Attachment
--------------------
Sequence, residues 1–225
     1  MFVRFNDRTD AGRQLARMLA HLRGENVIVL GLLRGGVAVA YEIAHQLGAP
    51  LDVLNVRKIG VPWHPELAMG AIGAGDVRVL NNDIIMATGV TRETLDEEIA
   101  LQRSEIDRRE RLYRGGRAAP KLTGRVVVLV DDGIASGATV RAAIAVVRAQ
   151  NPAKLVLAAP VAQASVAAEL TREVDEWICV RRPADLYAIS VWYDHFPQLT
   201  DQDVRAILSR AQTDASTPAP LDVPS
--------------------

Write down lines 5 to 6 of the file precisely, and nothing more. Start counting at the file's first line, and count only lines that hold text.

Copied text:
   151  NPAKLVLAAP VAQASVAAEL TREVDEWICV RRPADLYAIS VWYDHFPQLT
   201  DQDVRAILSR AQTDASTPAP LDVPS